C_Beacon

ASC_RQ

ASC_ACK

C_Beacon

DATA

ACK

B_Beacon

DATA

ACK

S_Beacon

DATA

ACK

Topology creation
phase

Data collection and
reconfiguration phase

Sleep mode

Active mode

Start of data
collection of (M)

Level 1Level 2Level 3

DATA Reporting

Figure 3. Principle mechanisms of the protocol

? Medium access: to minimize collisions in the three tier
architecture we manage the medium access as follows: we
use ?Data reporting? period to manage ?inter-tier? interactions
between nodes belonging to different levels (nodes report data
(by level) as shown in Figure 3. However, it is necessary, to
assign the appropriate access method to minimize collisions
between nodes belonging to the same level. In fact, we propose
a hybrid access:

– Slotted access for M and C nodes (WBAN): it provides
a guaranteed access and a reduced delay for medical data.

– Contention access for (C, V ) and (V, S): this is appropri-
ate for mobility.

? Maintaining synchronization: during the data collection
phase, the network must operate under a regular schedule to
ensure the transit of the data between levels 1, 2, and 3 in
order to reach correctly the Sink. To this end, we propose that
Coordinator, Video and Sink nodes send periodically Beacon
messages. These messages have a crucial role because they
permit to resynchronize nodes (to prevent the clock drift
phenomenon) while keeping the data exchange hop by hop.

? Slots request by (M): the activity periods of (M ) nodes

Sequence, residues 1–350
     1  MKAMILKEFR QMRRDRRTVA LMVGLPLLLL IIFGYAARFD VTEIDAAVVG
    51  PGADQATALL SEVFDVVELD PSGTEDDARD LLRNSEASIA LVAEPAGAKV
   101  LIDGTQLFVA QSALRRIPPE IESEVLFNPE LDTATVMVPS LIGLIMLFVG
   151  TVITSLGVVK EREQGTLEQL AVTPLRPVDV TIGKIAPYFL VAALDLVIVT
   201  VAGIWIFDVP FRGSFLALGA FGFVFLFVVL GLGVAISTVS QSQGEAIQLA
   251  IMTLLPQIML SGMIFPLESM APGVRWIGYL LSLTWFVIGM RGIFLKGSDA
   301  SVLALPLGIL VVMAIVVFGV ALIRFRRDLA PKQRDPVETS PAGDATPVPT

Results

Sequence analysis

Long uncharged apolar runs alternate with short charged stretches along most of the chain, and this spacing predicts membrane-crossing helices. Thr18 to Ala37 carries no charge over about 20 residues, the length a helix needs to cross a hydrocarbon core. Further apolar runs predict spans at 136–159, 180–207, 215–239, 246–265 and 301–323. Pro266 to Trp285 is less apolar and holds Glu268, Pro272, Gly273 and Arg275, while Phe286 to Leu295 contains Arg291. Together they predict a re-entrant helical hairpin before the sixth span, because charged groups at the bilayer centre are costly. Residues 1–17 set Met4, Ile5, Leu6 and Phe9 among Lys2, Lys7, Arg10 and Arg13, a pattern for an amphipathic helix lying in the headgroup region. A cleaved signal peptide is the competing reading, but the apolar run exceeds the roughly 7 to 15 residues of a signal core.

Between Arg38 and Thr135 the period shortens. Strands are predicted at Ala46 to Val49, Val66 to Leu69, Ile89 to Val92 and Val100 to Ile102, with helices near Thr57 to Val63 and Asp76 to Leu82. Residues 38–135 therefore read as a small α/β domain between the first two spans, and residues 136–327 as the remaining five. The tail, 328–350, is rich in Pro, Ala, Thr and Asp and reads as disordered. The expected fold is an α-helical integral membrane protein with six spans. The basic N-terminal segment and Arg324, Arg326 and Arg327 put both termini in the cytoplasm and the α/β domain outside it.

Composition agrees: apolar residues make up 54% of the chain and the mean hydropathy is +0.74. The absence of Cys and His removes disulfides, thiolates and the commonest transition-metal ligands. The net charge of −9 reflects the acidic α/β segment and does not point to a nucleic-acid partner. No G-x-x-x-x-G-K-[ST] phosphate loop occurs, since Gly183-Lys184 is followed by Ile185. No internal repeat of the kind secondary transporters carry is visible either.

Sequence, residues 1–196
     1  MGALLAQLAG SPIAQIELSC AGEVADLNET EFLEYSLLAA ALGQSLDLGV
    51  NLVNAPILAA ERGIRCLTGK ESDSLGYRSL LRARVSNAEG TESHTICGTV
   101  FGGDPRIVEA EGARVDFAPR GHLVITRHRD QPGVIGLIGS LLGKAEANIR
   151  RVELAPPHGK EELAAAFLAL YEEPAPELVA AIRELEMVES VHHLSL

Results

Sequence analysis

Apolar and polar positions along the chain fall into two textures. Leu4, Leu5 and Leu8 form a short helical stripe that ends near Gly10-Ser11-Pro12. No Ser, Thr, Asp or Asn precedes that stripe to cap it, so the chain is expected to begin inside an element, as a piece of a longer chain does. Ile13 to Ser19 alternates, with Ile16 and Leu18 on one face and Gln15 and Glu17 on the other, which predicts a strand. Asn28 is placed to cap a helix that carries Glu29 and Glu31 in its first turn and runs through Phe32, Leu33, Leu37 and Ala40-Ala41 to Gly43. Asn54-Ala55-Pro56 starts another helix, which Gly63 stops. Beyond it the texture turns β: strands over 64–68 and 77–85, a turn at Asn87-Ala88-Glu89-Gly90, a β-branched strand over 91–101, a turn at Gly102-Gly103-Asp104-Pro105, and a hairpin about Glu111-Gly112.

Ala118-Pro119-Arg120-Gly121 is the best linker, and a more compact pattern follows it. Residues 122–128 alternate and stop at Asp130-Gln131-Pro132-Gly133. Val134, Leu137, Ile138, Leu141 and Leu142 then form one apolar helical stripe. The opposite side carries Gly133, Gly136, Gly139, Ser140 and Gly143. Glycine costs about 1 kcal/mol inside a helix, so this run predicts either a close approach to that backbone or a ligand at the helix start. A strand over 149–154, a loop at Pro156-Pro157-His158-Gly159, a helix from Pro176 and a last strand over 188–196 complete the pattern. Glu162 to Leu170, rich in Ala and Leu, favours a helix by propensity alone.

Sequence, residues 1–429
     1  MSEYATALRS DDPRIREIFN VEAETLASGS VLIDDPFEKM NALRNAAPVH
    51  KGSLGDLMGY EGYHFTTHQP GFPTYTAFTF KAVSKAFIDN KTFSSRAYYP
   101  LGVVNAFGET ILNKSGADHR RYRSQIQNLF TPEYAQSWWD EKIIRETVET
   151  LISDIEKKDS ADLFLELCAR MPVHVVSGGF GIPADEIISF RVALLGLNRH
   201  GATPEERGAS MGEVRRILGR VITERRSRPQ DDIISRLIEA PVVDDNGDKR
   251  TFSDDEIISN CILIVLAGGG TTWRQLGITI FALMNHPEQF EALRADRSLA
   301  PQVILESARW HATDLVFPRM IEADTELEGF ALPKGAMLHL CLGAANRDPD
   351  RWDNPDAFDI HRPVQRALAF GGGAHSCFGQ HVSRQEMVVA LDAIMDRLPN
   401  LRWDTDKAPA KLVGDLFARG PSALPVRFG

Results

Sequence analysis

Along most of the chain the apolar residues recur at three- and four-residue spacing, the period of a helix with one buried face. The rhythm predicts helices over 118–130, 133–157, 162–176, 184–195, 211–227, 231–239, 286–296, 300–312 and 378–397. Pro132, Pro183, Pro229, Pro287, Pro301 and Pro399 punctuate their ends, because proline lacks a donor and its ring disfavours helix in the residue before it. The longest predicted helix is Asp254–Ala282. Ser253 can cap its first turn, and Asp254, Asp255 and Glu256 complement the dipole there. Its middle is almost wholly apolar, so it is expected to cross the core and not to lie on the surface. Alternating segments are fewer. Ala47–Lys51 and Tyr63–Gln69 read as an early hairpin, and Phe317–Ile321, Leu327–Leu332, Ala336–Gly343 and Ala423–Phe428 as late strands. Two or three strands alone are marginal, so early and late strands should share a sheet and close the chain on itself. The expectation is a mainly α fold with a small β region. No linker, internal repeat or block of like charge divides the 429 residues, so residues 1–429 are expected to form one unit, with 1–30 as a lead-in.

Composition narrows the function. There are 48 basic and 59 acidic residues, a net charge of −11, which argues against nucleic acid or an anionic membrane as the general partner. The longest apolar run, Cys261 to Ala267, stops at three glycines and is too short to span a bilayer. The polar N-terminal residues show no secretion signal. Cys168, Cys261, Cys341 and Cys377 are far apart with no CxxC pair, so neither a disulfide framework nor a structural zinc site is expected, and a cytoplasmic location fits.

may differ depending on the data size (temperature, fall
detection, ECG, etc.). Indeed, if a medical node wants to
send more than one packet in an activity period, we propose
that it sends a request to its associated Coordinator. In fact,
during initialization, (M ) nodes request a certain number of
slots (subsequently appointed GTS in Section 1) via ASC_RQ
message. Then the response will be indicated in C_Beacon
message (with the number of allocated slots), for use in the
collection phase. However, in Data collection phase, the re-
quest could be integrated in DATA message, and the response
will be in the C_Beacon message (in the next cycle). This
mechanism responds to the dynamic behavior of network.

? Reliability: to reduce collisions / transmission errors that
could occur during the two phases, it is necessary to retransmit
all messages (the number of retransmissions is parametrized)
including Beacon messages (except acknowledgments). This
leads to increase the reliability of the data exchange.

? Traffic model: we assume that the traffic model made in
the Data collection phase is periodic with the same period
throughout the network. Each node (M ) is the origin of one
or more data packets in each period (one data flow). (M )
nodes can also aggregate all medical data in one packet (the
maximum size of PPDU in IEEE 802.15.4 is 127 bytes). To
meet the energy needs of the sensors, the activity period should
be optimized and reduced as much as possible.

C. Complementary Mechanisms for Topology Maintenance

We have improved the topology maintenance with new mech-